Aleesha Bhatti, 17, joined the 18by Vote Civic Leadership program with organizing experience but little leadership experience. Throughout the twenty-week program, she organized voter outreach events in her local community, connected to thousands of voters, and became a source of empowerment to those around her. Bhatti made a direct impact on her community and the organization.
18by Vote’s Civic Leadership Program provided leadership training, resources, and payment to 15 young people in six states, Georgia, Florida, Arizona, Nevada, Wisconsin and Pennsylvania. The Civic Leadership Program supported leaders in their relational voter registration and education efforts. Civic Leaders planned and executed voter engagement events and outreach, including in-person voter registration drives, educational canvassing events, online relational voter outreach campaigns, and localized virtual text banking events.
Bhatti became interested in political and civic engagement work because she saw a growing disinterest in voting among her peers. Fueled by issues like public policy, education policy, equity in educational institutions and gun violence, the young Georgian began organizing in 2020 during the pandemic. Through these experiences, she recognized the importance of making your voice heard through your vote.
“I got started with different campaigns and canvassing,” Bhatti said. “I just got into the work of talking to and understanding people. It really resonated with me because I feel like that’s a big family value of mine. I feel like it’s important for people to raise their voices when they’re not feeling heard.”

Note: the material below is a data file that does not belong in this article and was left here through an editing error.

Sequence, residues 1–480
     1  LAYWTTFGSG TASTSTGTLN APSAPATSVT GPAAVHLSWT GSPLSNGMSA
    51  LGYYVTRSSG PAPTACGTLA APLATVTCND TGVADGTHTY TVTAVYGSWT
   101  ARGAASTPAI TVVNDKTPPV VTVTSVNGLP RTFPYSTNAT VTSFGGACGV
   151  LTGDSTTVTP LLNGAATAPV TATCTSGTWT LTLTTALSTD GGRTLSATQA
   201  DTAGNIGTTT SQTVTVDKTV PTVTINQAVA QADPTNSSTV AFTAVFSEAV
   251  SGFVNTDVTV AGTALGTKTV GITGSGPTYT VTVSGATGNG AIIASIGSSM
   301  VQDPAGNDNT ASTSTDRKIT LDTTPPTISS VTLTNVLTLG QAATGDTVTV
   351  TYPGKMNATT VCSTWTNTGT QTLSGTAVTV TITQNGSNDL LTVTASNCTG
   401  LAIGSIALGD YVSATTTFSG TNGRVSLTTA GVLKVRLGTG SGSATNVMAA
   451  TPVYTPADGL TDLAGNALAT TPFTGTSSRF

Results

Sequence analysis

During her time in the Civic Leadership Program, Bhatti hosted 19 Voter Outreach Events which allowed her to connect with people with varying degrees of civic engagement experience, from active voters to people who never learned about their right to vote.
Aleesha found that when young people reach out to their community, they can bridge the gap when it comes to civic engagement. Bhatti was able to educate voters in her neighborhood, speak with teachers and peers in school, and register people who might not have thought about voting before.
“I had my religious and cultural communities, in which I honestly didn’t know anyone who was interested in civic engagement, politics, policies, and stuff like that. So I felt I was able to introduce that in a space where a lot of people weren’t thinking about it” Bhatti said.
Building relationships and community along the way, Bhatti showed a unique dedication to organizing as she continued her work into the Georgia runoff election. Whether it was canvassing with her mom and sisters or with the 18by Vote Team, Aleesha led on-the-ground efforts with her unique expertise in her local community
While working to activate her peers, she discovered many people were willing to partake in meaningful conversations, receive resources from her and take action.
“[When hosting events] I loved seeing the intention to vote or even register when talking to certain people. I think equipping them with the information they need to vote had the biggest impact on me while I was working” Bhatti said.
In the world of civic engagement and public policy there are many opportunities to get involved, but Bhatti feels that many of them are not actively targeting young people. While there may be opportunities for people with college degrees, Aleesha believes young people in high school or not in college have experience, connections to their communities, and passion that gives them a unique perspective. According to Aleesha, “young people are interested in the same work” and deserve the opportunity to become change-makers.
To her peers, Aleesha says, “I think it’s important to take the opportunity and do the thing! Even though it’s hard, even if you have to fill out an application, do it because it matters. Your voice matters. Your passion matters. That opportunity can lead to something so much bigger.”
Despite being nervous at first, Aleesha stepped wholeheartedly into her position as an 18by Vote Civic Leader and was able to empower young people in her community to get election ready and civically engaged. Bhatti thrived in an environment that centered and supported the growth of young people which allowed her to throw the restrictions of her age out the window.
Aleesha Bhatti is a young leader who is making a difference within 18by Vote, developing meaningful relationships with her community, and deeply impacting those around her.